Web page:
This means making sure your marketing team is performing as efficiently as it can, through the automation of various marketing actions. There are a number of iterations that should not be handled by individuals manually in order to save your team a huge amount of time. Consider things like image optimisation, product descriptions, tagging and categorisation. These are all things that your CMS can help automate if designed right.
Also, the SEO-optimization of your site can be improved through your CMS, taking some of the burden away from individuals in your marketing team when writing or uploading editorial content. A well-designed plug-in can be implemented that allows you to easily optimise titles, meta descriptions and links so that content has the best chance of ranking well.
Don’t let a poorly-implemented CMS damage your brand
There are some important CMS mistakes that every business should avoid. While they might seem like small things on the surface, together they make up the overall experience users have when visiting your site and can greatly damage your brand. Here are some major barriers that impact the growth of your online presence.
1. Slow load times
It has been proven that latency is crucial to online interactivity and engagement. Google themselves found that an extra .5 seconds in search page generation time dropped traffic by 20 per cent. One of the simplest ways to eliminate user frustrations on your site is to optimise your page load speeds. Whether it’s by compressing large image files or reducing the number of elements that are included on each page, your website can be tweaked to offer a smoother and more enjoyable user experience.
2. Visual inconsistency
Websites are incredibly visual – creating a guide for integrating which graphics should (and shouldn’t) be used on your CMS will help to create an all-important brand consistency. This will help you to avoid elements that might look out of place, such as photographs, text fonts, logo colours and product description formats.
3. Broken links and errors
Broken links and errors are not only bad for your site’s UX, but can also have a significant impact on your SEO. As well as disappointing users with what can seem like lazy organisation and maintenance, Google also registers these mistakes as its web crawlers collect data about your site. Your CMS can help you here by flagging up these errors or optimising the link-building process in the first place.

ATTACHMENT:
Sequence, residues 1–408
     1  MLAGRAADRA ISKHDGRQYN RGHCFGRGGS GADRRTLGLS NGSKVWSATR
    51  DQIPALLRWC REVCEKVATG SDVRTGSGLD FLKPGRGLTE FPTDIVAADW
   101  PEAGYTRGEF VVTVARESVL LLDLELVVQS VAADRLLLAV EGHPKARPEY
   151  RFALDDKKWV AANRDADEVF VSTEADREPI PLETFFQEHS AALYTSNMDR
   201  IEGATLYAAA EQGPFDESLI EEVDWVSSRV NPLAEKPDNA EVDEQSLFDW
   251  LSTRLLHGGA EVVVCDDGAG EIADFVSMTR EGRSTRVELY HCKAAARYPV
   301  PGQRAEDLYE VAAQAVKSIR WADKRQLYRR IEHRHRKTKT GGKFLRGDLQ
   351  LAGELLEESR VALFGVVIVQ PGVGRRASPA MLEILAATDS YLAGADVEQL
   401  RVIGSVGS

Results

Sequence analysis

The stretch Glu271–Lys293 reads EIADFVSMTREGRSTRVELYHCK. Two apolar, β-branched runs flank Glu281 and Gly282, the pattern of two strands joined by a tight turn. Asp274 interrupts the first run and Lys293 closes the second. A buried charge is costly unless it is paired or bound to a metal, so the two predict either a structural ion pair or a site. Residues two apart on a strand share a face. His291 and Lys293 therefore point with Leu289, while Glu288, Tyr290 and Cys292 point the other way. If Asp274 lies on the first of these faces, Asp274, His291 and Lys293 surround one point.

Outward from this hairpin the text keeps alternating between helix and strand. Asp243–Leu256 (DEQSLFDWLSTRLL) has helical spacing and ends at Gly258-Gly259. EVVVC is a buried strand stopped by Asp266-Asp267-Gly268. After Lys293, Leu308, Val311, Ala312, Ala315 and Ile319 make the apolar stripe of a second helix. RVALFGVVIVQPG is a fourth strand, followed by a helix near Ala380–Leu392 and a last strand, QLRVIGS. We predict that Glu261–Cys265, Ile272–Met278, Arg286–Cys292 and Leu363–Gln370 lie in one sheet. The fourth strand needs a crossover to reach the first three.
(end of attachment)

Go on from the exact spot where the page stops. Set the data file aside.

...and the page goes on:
4. Confusing navigation
Helping visitors access the information they need as soon as possible will go a long way in improving their user experience. This can mean organising your site map and navigation with the help of your CMS development team, so it works logically. You should also consider things like internal linking to FAQs, smoothly-integrated CTAs that bring customers directly to purchase pages and sign-up forms, or perhaps customer support pages that connect users with your company’s customer support staff.
5. Poor user feedback
Gathering and reacting to customer feedback is key to adapting your business to suit your customer’s needs. In order to translate user feedback into tangible actions that can improve your UX or even your commercial products and services, you’ll need a well-structured approach to gathering and processing this information. Your CMS can help here. If you fail to act on such information, you could risk losing customers and damaging your brand’s integrity.
6. Out-of-date content
Certain platforms rely on current and up-to-date content as the backbone of their brand. Whether you’re a publishing platform that delivers new trends and analysis to your users or an e-commerce fashion outlet, you’ll need to make sure your site is exhibiting only the most relevant content. Redundant, trivial or out-of-date content should be flagged or automatically removed from your site through your CMS.
When you are planning your content management system and working with your UX designer or website development team, it is always important to consider your company’s branding and how it will be impacted by your decisions. In short, your CMS must function as both a tool for performing commercial actions, as well as the face of your business and the hub for many of your digital marketing activities.
If you’d like to learn more about how you can support your brand through a viable CMS, get in touch with Powered By Coffee. Whether it’s through building a custom CMS for your specific operational requirements or developing bespoke themes and plugins, we can help you craft a website that improves the way your audience interacts with your business.